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Denon DP-200USB Fully Automatic Turntable with MP3 Encoder
- The DP-200USB Easily converts your record collection to MP3 format on a USB memory stick
- Includes Trans Music Manager PC software that contains either automatic or manual track splitting functions
- Includes moving magnet phono cartidge and swithable built-in RIAA phono equalizer
- Fully automatic operation for ease of use and gentle handling of records
- DC Servo motor coupled with a belt drive system
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This item Denon DP-200USB Fully Automatic Turntable with MP3 Encoder
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|Sold By||Amazon.com||Amazon.com||UnrealDeals||Amazon.com||Amazon.com||AUDIOLAB - Since 1958|
|Item Dimensions||14.5 x 14.25 x 4 in||17.1 x 15 x 4.8 in||6 x 13.88 x 17.75 in||16 x 18 x 6 in||14.2 x 14.1 x 3.8 in||17 x 15 x 4 in|
|Item Weight||7.05 lbs||12.1 lbs||23.5 lbs||8.5 lbs||6.2 lbs||12.3 lbs|
Now you can easily convert all of your favorite records to modern MP3 digital audio tracks with Denon’s DP-200USB fully automatic turntable. Equipped with an internal MP3 encoder, along with a front panel USB port, the DP-200USB lets you play your favorite LPs and create MP3 tracks easily and automatically. The included PC software features Audio Waveform Recognition, which checks the first 15 seconds of each track and searches the extensive Gracenote Internet music tracks database to capture the track’s meta-deta (artist, title, etc.). The software also features Auto Track Divide, which notes silent breaks between tracks and automatically inserts a new track tag for each track (you also have the option of doing this manually). The front panel USB port allows direct connection to a PC, as well as connection to a USB drive or an external hard disk drive. In addition to the USB connection, the DP-200USB features conventional stereo outputs, which can be configured with or without RIAA equalization, for full compatibility with the widest range of audio components.
Top Customer Reviews
Here's how it works: unpack and set up the turntable, connect it to a sound system, stick a flash drive in the port, put on a record (LP or 45), push a couple of buttons, and you're in business. Records in real time, files are stored at a rate of 192kbps. The software for splitting files is easy to work with--however, Mac users need not apply (don't know if there's a workaround). "Auto splitter" works okay if the vinyl is pristine; I use "manual splitter" mostly to eliminate the sound of the tone arm drop at the beginning of each side. As another reviewer has noted, the Gracenotes option for naming tracks isn't much use, as that database largely covers only CD era releases. I rename files after importing them into iTunes.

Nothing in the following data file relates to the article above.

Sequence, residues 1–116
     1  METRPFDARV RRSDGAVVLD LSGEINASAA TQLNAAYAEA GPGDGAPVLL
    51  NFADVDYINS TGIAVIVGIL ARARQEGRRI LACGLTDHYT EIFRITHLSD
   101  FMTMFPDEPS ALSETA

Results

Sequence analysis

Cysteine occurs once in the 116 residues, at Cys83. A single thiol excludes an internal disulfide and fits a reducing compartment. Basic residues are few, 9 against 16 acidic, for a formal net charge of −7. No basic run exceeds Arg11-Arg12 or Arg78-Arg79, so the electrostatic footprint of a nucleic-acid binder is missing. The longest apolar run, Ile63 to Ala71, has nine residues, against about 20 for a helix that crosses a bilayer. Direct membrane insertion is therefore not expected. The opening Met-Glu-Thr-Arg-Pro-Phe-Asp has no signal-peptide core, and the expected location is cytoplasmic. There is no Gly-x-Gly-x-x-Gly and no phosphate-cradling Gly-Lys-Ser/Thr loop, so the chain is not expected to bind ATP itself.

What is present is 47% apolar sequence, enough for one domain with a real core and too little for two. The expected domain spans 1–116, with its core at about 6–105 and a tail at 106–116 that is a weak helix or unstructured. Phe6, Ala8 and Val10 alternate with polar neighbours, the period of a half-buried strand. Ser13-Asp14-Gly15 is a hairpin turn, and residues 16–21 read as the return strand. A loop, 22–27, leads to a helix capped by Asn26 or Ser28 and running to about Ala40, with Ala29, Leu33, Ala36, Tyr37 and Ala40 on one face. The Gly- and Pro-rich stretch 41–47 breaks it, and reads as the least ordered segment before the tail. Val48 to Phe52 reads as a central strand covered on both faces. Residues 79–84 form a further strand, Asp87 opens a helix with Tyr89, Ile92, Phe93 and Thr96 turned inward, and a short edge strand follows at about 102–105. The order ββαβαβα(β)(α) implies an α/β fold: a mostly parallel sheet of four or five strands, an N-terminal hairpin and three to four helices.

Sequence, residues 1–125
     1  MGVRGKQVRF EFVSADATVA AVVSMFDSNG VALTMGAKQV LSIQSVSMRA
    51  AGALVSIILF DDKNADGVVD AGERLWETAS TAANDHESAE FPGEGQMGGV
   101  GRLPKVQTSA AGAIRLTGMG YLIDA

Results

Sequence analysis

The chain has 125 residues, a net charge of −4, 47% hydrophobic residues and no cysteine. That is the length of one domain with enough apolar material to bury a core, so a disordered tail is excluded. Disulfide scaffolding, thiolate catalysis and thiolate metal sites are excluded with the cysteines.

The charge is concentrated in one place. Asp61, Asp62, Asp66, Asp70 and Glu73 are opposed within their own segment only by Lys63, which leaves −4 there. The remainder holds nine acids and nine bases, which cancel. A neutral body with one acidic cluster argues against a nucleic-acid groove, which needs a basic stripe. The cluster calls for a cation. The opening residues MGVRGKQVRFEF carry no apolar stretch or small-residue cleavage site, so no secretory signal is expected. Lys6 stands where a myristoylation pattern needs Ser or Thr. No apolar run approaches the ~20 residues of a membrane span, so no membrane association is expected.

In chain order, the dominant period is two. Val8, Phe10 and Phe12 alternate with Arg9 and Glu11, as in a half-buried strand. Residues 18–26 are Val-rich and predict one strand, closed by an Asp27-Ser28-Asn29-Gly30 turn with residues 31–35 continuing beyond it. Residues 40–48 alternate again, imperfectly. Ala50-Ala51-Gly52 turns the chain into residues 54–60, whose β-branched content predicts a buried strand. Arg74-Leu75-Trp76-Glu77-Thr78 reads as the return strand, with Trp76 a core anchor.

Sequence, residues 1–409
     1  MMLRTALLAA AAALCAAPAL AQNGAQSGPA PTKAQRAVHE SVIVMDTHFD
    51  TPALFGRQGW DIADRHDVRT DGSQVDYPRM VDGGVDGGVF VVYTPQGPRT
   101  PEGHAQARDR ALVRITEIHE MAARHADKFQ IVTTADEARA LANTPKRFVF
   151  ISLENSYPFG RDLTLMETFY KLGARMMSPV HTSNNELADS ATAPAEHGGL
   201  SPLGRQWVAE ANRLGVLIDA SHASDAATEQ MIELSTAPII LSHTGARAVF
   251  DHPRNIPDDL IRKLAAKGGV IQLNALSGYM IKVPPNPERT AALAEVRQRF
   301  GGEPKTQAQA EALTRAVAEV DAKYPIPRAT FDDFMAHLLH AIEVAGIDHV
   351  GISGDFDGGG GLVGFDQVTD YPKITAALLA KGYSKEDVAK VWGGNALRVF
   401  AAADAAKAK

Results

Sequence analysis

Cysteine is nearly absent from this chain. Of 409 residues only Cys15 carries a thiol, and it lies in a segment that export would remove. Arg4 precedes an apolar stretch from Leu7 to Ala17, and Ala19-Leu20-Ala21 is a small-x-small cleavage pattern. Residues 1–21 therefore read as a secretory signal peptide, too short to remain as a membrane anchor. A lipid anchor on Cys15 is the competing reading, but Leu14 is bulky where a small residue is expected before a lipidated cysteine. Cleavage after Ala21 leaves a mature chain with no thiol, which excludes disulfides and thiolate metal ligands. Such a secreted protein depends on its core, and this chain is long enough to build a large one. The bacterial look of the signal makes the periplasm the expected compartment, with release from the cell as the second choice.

So yes, labor is involved: You have to hang around while the record plays; you have to split and rename the files. Doesn't seem like a LOT of labor (splitting and renaming an album's worth of files takes about 10 minutes at most). If you want to eliminate/minimize clicks and pops, you can look online for other software.
The turntable itself is pretty basic, and definitely not built for hard use. However, it's of significantly higher quality than Ion's USB turntables, and is adequate for use within a home entertainment system. The only annoying feature is, as another reviewer also notes, the lack of a tonearm lever.
I'm perfectly happy with my purchase. Again, it's not for high-end audiophiles or club dj's, but if you just want to port your vinyl-only releases to your mp3 player, it's a fine solution.
The Trans Music Manager for Denon that was included is designed for an older version of Windows, and the supplier web address does not respond. The user guide is amateurish. On the plus side, it does split tracks. On the minus, it was difficult to discover where the split tracks were stored. The application crashed all the time when I was trying to edit the track metadata. I had to figure out an alternative method.
The Denon DP200 has a USB port designed to allow recording to a USB storage device (thumb drive). The instructions are adamant about not connecting the turntable directly to a PC USB port. I don't understand why, but it is Denon's product and I did not try to do this. To record to a USB storage device and then manually connect it to the PC port is a bit of a kludge. This might be designed so that the Denon can be connected to a sound system as a traditional turntable and as an afterthought be used to record and transfer music to a PC. I reviewed the Trans Music Manager. This is pretty rudimentary software, which will probably do the basics. The Gracenote section of the software included for track identification is pretty useless. It requires a connection to the Internet so that it can compare the recording with their online database. However, if no CD exists to compare your LP to or the CD version is re-mastered, no match is possible. Since my LP transfers are primarily Jazz which are not available on CD or have been remastered, Gracenote is useless. The USB transfer method supports only MP3 and I prefer to use the Waveform through the sound card. I did not try the USB transfer method provided by this Denon turntable so I don't know how well it works.
Therefore, I cannot recommend this turntable if you plan to connect it to your soundcard to record LPs. You are paying for a USB recording system that I consider unusual at best. The lack of a dampening system for the tone arm is a showstopper and I have reconnected my old TEAC turntable to my PC.